Medical workers from across the region were scrambling to help as hospitals in Les Cayes started running out of space to perform surgeries.

“Basically, they need everything,” said Dr. Inobert Pierre, a pediatrician with the nonprofit Health Equity International, which oversees the St. Boniface Hospital, about two hours from Les Cayes.

“Many of the patients have open wounds and they have been exposed to not-so-clean elements,” added Pierre, who visited two hospitals in Les Cayes — one with some 200 patients, the other with around 90. “We anticipate a lot of infections.”

Pierre’s medical team was taking some patients to St. Boniface Hospital to undergo surgery, but with just two ambulances, they could transport just four patients at a time.

The earthquake also struck just over a month after President Jovenel Moïse was shot to death in his home, sending the country into political chaos. His widow, Martine Moïse, who was seriously wounded in the attack, posted a message on Twitter calling for unity among Haitians: “Let’s put our shoulders together to bring solidarity.”

As he boarded a plane bound for Les Cayes, Henry said he wanted “structured solidarity” to ensure the response was coordinated to avoid the confusion that followed the devastating 2010 earthquake, when aid was slow to reach residents after.

U.S. President Joe Biden authorized an immediate response and named USAID Administrator Samantha Power to oversee the U.S effort to help Haiti.

Power announced Sunday that USAID was sending a search and rescue team from Virginia at the request of Haiti’s government. The 65-person team will bring specialized tools and medical supplies to assist with the disaster response, Power said on Twitter.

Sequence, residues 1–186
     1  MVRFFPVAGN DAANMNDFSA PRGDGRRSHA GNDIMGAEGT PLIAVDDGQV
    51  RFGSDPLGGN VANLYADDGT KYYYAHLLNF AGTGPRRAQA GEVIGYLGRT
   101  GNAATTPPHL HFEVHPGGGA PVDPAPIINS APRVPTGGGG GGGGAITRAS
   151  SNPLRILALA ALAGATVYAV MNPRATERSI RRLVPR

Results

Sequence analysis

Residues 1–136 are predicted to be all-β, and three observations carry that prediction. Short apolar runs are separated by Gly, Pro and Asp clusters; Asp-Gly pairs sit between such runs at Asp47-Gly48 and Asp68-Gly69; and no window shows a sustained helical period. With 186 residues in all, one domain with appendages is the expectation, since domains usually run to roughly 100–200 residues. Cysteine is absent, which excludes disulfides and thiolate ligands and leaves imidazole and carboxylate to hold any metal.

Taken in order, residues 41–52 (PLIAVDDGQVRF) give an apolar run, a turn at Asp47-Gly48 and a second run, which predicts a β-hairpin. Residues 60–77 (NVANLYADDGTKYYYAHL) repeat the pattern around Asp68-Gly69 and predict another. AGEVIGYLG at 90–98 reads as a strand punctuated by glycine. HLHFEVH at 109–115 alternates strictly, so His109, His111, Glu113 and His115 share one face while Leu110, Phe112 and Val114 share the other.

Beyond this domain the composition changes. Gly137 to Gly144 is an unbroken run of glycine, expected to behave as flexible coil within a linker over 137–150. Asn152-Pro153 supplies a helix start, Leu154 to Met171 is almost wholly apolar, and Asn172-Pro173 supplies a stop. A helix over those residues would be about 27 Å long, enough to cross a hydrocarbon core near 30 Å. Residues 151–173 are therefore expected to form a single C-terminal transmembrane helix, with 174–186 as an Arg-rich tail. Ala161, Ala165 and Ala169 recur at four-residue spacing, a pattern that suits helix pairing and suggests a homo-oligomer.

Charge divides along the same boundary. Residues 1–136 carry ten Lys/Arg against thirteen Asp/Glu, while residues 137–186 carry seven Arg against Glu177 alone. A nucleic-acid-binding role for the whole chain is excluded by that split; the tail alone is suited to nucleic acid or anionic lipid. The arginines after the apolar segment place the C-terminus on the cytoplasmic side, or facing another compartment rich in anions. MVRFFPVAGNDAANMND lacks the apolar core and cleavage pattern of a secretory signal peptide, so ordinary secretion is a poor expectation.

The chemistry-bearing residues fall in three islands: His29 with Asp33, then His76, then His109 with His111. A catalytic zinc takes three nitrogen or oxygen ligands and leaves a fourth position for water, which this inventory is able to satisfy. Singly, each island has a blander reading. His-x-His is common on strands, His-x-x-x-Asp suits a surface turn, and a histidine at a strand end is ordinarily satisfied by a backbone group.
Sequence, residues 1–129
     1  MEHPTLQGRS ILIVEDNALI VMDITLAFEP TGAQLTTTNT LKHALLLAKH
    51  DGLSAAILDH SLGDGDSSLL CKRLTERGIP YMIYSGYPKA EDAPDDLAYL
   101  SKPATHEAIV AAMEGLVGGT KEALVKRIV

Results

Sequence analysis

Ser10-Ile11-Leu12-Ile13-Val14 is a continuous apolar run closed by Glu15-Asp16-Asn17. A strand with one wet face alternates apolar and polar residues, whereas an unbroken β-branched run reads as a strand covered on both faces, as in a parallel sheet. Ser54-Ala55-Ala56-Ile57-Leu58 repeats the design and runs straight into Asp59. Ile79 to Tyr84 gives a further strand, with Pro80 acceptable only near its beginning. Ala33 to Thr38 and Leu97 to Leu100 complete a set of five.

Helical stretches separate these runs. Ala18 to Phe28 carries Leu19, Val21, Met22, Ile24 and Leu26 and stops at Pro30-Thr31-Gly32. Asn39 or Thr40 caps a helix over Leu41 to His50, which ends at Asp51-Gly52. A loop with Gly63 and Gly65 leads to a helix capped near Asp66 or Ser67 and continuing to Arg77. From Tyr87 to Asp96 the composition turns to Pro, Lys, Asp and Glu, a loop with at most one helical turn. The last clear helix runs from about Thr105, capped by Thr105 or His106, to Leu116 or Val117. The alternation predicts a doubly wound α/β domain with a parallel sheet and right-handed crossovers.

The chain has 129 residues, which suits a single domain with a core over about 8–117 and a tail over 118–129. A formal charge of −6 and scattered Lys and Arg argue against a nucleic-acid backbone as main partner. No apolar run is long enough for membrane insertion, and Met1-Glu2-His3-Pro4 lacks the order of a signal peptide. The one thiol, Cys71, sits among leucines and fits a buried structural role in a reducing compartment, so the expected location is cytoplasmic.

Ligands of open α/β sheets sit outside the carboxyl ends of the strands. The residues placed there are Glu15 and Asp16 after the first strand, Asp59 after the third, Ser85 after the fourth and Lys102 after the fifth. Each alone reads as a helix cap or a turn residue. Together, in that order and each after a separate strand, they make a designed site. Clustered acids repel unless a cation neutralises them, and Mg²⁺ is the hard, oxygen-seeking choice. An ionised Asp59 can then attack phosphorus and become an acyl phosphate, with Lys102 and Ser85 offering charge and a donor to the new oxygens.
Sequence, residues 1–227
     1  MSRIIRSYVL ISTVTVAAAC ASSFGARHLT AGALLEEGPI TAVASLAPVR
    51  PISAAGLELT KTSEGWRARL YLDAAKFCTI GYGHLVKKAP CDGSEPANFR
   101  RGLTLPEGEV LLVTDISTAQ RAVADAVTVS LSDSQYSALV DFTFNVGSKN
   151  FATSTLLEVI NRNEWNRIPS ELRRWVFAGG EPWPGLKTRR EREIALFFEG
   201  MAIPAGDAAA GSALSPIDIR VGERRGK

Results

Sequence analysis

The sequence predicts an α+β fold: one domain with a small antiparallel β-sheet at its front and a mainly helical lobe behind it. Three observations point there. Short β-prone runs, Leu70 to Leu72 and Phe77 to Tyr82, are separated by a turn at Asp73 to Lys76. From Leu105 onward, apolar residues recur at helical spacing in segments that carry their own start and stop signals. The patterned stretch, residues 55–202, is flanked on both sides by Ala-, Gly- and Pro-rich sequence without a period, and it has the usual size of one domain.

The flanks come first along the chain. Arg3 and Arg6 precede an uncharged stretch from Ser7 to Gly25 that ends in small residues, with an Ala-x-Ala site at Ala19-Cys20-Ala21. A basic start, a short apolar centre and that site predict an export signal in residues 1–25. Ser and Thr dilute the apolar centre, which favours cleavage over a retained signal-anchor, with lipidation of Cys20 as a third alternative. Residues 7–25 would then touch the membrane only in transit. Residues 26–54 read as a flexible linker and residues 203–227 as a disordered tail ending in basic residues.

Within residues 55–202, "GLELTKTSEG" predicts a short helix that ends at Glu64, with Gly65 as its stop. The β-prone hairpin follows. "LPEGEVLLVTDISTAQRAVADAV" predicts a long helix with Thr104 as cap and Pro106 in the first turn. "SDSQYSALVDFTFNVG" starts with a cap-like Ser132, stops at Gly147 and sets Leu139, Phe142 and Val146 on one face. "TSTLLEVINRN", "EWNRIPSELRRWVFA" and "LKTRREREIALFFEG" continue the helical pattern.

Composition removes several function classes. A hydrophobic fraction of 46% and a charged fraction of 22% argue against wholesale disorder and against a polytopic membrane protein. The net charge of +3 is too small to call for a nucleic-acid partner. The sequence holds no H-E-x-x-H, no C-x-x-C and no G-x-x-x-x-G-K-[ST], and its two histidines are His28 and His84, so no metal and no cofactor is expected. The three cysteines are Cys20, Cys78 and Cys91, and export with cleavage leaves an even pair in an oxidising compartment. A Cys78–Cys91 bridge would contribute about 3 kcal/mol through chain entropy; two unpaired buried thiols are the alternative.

Working with USAID, the U.S. Coast Guard said a helicopter was transporting medical personnel from the Haitian capital to the quake zone and evacuating the injured back to Port-au-Prince. Lt. Commander Jason Nieman, a spokesman, said another helicopter was being sent from the Bahamas, along with other aircraft and ships.

Already on the scene were several members of Cuba’s 253-member health care mission to Haiti, and the socialist nation’s state media showed photos of them giving first aid to victims injured by the quake.

The North Carolina-based aid group Samaritan’s Purse announced Sunday it would airlift 13 disaster response specialists and 31 tons of emergency supplies to Haiti. These include shelter materials and water filtration units.

Humanitarian workers said gang activity in the seaside district of Martissant, just west of the Haitian capital, also was complicating relief efforts.

“Nobody can travel through the area,” Ndiaga Seck, a UNICEF spokesman in Port-au-Prince, said by phone. “We can only fly over or take another route.”

Seck said information about deaths and damage was slow coming to Port-au-Prince because of spotty internet service, but UNICEF planned to send medical supplies to two hospitals in the south, in Les Cayes and Jeremie.

Haiti, where many live in tenuous circumstances, is vulnerable to earthquakes and hurricanes. A magnitude 5.9 earthquake in 2018 killed more than a dozen people.

The magnitude 7.0 quake of 2010 hit closer to densely populated Port-au-Prince and caused widespread destruction. Haiti’s government put the death toll at more than 300,000, while a report commissioned by the U.S. government placed it between 46,000 and 85,000.

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Rescuers racing in Haiti as storm threatens to follow quake